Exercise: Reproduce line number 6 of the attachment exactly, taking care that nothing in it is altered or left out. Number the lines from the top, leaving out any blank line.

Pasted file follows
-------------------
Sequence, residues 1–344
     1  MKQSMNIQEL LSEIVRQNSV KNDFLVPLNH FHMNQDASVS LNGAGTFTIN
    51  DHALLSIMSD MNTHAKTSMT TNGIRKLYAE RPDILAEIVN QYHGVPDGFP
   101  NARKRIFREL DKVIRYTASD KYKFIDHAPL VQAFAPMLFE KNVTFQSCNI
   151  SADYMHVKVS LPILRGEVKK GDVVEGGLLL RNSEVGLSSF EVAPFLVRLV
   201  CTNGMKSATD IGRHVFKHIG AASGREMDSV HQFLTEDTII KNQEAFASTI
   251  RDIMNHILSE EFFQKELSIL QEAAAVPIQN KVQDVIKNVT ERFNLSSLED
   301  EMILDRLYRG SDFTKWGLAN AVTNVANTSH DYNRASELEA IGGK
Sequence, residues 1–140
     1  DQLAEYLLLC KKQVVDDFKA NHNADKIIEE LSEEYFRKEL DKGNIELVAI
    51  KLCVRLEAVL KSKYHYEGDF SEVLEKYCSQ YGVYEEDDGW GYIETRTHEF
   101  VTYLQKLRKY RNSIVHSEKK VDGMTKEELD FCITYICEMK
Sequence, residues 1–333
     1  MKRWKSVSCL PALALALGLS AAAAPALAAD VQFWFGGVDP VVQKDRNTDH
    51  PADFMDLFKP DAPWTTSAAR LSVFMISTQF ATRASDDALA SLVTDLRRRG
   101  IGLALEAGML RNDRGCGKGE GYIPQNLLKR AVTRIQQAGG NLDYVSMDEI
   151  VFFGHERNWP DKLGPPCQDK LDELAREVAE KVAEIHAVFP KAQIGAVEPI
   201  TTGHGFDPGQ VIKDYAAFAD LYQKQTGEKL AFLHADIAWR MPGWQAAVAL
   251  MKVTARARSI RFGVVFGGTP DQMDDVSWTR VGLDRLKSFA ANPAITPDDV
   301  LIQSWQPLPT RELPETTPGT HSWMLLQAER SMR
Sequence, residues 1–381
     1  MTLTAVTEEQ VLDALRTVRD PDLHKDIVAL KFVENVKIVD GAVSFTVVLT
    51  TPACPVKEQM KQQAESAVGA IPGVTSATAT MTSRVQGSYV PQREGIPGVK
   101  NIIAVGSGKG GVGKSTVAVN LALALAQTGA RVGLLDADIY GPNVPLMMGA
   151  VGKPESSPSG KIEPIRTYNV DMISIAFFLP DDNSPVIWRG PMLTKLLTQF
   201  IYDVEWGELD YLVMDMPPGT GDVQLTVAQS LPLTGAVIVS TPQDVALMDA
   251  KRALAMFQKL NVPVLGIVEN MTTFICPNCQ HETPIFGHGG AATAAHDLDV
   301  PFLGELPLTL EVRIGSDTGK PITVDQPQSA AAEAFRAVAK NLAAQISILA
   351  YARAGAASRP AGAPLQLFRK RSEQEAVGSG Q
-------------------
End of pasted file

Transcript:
   201  CTNGMKSATD IGRHVFKHIG AASGREMDSV HQFLTEDTII KNQEAFASTI